Structural heart disease clinic debuts at One Hundred OaksMar. 7, 2013, 9:46 AM
Life just got a little easier for Vanderbilt patients with structural heart disease.
Vanderbilt Heart and Vascular Institute has consolidated the care for these patients, many of whom are elderly and live outside Davidson County, and has relocated the structural heart disease clinic from the main campus to Vanderbilt Health One Hundred Oaks.
For patients with valve disease, congenital heart disease and some types of cardiomyopathy, the move to One Hundred Oaks means they are able to see a number of specialists and undergo testing in one visit, and at one location.
“The move to One Hundred Oaks provides convenience and streamlines care for our patients, many of whom have limited mobility. They require complex consultation, and now all of us who provide their care go in together as a team,” said David Zhao, M.D., director of the Cardiac Catheterization Lab.
The half-day clinic meets every Monday and sees about five to eight patients.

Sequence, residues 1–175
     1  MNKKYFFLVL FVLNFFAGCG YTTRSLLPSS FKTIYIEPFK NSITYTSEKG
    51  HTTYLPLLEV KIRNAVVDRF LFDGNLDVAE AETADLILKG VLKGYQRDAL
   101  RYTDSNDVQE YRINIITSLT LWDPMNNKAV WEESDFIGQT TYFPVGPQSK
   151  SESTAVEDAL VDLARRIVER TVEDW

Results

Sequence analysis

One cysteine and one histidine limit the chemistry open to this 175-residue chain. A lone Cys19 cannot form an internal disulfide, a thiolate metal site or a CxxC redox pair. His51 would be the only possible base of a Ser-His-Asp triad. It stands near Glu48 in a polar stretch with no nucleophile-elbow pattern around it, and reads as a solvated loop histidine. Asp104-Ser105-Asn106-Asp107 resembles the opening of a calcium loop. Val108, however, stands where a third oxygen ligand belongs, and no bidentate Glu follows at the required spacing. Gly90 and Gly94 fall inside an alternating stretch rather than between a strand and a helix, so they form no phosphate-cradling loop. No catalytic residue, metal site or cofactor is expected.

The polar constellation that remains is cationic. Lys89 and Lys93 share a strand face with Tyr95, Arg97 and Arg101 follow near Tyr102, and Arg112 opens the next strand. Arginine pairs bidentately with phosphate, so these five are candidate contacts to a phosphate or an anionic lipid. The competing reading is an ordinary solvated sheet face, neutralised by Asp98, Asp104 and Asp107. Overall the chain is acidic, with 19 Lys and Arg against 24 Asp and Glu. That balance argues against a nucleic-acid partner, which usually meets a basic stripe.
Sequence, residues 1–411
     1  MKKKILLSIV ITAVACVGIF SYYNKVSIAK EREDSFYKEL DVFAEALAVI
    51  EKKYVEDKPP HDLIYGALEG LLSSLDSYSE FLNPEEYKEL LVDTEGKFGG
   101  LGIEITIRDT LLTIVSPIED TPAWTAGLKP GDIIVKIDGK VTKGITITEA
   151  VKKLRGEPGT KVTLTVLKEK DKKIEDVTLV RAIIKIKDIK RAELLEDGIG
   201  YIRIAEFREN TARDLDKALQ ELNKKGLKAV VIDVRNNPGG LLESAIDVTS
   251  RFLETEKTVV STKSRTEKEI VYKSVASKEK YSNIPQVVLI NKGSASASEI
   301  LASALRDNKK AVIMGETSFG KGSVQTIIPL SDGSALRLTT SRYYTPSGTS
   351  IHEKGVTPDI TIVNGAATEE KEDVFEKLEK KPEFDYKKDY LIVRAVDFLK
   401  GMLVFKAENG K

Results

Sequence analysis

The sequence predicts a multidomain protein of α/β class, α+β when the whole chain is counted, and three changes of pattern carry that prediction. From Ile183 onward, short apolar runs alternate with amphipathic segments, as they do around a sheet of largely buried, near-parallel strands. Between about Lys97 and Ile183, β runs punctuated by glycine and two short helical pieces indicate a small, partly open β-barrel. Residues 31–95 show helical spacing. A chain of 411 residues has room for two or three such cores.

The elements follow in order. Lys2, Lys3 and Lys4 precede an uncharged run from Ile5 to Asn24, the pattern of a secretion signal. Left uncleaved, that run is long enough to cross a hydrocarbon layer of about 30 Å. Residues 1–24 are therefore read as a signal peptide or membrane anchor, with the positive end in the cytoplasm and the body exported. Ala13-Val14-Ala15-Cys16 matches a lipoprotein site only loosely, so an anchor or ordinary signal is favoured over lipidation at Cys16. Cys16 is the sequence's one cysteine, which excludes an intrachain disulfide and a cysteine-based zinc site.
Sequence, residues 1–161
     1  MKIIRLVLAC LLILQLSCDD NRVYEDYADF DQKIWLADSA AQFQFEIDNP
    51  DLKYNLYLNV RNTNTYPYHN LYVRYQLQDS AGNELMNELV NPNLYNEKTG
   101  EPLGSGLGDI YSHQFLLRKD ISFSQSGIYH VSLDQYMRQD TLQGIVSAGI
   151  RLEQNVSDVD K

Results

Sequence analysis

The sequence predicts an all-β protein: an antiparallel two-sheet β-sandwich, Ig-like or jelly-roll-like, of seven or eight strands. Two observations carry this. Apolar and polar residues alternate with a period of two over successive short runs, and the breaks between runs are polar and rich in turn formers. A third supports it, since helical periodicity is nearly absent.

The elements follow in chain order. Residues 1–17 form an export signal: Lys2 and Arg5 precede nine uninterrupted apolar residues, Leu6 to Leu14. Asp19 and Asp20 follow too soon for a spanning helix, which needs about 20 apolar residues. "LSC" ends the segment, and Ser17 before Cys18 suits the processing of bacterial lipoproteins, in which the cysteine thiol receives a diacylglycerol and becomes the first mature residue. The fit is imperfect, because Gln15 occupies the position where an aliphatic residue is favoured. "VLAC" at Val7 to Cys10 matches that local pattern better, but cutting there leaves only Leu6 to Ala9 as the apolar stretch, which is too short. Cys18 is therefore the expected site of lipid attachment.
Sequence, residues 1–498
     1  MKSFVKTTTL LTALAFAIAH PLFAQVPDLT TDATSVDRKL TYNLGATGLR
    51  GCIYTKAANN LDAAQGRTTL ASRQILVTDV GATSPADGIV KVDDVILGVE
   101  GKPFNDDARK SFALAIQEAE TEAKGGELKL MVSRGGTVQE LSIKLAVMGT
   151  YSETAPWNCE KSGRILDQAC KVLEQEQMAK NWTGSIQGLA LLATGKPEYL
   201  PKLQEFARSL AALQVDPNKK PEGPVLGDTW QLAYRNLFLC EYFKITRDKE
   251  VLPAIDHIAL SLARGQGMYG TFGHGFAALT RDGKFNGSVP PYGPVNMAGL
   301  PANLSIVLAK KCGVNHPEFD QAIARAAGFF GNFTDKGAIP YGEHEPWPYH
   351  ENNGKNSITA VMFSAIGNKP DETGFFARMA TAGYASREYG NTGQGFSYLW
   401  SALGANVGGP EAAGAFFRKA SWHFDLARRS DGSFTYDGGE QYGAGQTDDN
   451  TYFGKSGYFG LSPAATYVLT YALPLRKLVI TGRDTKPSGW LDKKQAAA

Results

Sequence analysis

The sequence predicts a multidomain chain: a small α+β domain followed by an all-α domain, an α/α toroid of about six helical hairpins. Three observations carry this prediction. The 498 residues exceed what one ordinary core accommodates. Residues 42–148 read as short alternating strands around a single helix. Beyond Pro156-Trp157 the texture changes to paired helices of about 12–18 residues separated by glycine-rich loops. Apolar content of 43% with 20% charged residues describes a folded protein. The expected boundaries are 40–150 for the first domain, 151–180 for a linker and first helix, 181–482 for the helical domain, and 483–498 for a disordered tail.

Surgeons Stephen Ball, M.D., and Michael Petracek, M.D., along with cardiologists Marshall Crenshaw, M.D., Mark Robbins, M.D., Joseph Fredi, M.D., Zhao and clinic coordinator Sonia Scalf, R.N., rearranged their schedules so they can consult with patients together, saving them from making multiple visits. Patients are also able to undergo CT scans and ECHO testing while at One Hundred Oaks.
“It took us a while to organize that, but everyone agreed to do what’s best for our patients,” Zhao said. “We started on Feb. 4, and so far, it is going great. Our patients can get everything done; we make decisions about their care, right there.”